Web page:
Brexit could provide an opportunity to strengthen domestic and global financial services and insurance markets and improve the flow of capital around the world if the U.K. commits to making its regulation more competitive, a free-market think tank said on Friday.
Iran’s foreign minister on Thursday warned President Donald Trump that if the U.S. withdraws from the nuclear deal, Iran will not “renegotiate or add onto” the agreement, which he said has already been carried out in good faith.
A Nigerian state-owned oil company facing a suit from subsidiaries of Exxon Mobil and Shell to enforce a $1.8 billion arbitration award asked a New York federal judge Wednesday for more time to produce documents that would show if the company is an alter ego of the Nigerian government.
A Chinese producer hit the U.S. Department of Commerce with two suits Wednesday that challenge the tariffs imposed on the company's off-road tire exports to the U.S., according to documents filed in the U.S. Court of International Trade.
President Donald Trump has begun the process of renegotiating the North American Free Trade Agreement, fulfilling one of his bedrock campaign promises. As the administration prepares to reopen the agreement for the first time in 23 years, catch up on all of Law360’s latest coverage of NAFTA and what lies ahead for the U.S., Mexico and Canada.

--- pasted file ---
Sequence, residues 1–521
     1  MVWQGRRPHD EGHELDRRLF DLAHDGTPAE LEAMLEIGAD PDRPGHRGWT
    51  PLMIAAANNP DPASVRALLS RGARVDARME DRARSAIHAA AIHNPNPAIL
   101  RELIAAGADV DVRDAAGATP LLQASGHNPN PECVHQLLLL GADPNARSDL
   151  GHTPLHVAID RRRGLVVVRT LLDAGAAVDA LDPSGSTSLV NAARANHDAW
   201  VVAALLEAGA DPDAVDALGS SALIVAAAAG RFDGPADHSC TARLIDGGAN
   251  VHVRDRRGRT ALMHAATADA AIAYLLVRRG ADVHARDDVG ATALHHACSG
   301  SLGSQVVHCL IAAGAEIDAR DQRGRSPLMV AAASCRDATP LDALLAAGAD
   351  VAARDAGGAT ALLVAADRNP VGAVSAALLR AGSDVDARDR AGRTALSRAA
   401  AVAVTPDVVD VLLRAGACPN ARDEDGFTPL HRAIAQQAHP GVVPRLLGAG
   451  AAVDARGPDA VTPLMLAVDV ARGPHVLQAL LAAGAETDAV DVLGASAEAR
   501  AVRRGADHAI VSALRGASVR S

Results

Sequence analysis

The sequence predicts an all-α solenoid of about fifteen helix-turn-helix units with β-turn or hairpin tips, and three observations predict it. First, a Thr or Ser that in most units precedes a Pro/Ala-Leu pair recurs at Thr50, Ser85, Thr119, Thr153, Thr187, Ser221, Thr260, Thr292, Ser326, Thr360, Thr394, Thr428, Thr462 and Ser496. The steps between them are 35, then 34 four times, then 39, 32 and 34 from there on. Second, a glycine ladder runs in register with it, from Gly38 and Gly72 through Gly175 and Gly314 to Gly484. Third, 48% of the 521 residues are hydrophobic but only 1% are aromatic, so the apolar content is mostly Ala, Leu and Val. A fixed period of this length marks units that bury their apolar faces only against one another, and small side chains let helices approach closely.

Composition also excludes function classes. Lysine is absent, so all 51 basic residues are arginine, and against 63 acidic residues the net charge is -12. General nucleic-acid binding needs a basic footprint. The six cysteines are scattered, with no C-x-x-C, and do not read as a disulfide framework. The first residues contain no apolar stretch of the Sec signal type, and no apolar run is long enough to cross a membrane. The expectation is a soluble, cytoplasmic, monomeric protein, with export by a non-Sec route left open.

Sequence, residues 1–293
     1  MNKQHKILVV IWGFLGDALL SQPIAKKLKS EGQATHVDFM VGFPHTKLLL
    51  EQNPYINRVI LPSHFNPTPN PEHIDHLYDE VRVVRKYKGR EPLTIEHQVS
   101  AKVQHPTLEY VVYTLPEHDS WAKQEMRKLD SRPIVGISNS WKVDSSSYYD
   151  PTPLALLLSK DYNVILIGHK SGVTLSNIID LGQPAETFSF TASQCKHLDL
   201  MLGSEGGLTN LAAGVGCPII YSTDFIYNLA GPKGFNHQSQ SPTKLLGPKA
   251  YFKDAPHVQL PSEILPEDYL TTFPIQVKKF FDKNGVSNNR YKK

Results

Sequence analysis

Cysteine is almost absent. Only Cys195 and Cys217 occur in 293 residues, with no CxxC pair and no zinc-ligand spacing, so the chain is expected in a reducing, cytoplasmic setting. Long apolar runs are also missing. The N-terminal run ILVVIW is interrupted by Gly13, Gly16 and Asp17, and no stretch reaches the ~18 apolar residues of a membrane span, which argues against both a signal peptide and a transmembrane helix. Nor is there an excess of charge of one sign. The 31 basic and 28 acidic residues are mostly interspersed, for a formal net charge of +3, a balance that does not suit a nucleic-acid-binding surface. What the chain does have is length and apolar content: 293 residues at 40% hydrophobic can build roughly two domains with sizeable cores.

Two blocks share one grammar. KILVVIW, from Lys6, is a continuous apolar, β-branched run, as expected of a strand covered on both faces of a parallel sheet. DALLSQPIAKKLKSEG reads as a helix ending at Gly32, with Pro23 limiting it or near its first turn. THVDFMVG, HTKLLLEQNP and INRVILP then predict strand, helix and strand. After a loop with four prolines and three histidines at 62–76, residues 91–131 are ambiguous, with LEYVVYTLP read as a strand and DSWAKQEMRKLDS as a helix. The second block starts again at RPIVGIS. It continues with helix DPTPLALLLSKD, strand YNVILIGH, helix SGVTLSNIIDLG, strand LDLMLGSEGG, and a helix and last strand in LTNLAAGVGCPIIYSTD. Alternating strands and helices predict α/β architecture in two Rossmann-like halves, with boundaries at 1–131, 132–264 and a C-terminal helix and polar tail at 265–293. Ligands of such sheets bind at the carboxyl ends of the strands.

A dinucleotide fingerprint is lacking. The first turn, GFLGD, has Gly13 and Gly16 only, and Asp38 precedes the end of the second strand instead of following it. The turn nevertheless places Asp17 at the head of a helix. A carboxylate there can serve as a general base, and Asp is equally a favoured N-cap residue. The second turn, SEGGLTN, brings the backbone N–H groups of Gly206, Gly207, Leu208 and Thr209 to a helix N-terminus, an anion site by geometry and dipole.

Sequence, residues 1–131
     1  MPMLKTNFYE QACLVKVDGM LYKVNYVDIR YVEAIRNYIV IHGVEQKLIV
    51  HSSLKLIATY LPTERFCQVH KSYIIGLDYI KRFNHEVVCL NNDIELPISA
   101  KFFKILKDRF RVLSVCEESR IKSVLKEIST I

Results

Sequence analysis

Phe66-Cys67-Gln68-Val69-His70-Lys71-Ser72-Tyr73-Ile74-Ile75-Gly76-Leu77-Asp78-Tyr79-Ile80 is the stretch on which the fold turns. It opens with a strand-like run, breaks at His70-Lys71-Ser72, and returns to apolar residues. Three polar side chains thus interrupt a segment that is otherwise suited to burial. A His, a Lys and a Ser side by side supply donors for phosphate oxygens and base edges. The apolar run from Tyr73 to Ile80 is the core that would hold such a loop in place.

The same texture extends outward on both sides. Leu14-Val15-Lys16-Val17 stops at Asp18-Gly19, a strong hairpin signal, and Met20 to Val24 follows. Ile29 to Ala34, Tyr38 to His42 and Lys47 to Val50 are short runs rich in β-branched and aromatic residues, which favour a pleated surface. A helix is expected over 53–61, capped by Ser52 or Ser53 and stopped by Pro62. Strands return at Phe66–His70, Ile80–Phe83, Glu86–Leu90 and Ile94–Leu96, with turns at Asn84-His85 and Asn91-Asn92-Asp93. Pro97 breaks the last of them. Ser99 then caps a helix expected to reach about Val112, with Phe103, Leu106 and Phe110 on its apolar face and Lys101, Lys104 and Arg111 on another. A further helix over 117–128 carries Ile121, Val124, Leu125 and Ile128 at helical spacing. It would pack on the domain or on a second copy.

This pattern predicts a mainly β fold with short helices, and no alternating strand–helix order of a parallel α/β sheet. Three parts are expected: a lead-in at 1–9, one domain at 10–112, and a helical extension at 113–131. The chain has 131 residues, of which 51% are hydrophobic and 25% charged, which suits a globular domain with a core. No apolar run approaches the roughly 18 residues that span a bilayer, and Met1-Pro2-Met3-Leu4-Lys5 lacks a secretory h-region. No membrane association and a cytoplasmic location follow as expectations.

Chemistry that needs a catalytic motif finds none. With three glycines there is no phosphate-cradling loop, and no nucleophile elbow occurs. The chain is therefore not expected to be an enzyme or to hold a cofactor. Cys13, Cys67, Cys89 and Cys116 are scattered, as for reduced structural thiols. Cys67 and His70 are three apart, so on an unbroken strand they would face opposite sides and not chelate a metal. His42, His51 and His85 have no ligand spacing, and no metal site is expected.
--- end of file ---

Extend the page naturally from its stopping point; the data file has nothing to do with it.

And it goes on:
How can we improve meetings in the legal industry, which tends to evolve with the speed of a tranquilized water buffalo mired in quicksand? Breaking it down to three phases can yield significant benefits, says Nicholas Cheolas of Zelle LLP.
One way law firms differentiate themselves from the competition to attract and retain top talent is through their real estate and workplace strategies. Taking a lead from the hospitality industry can help create a more inviting, welcoming and collaborative workspace environment, says Bella Schiro of Jones Lang LaSalle Inc.
The Southern District of New York's recent dismissal of a securities class action against Embraer provides hope that not every Foreign Corrupt Practices Act settlement will give rise to expensive private litigation, say attorneys with Dechert LLP.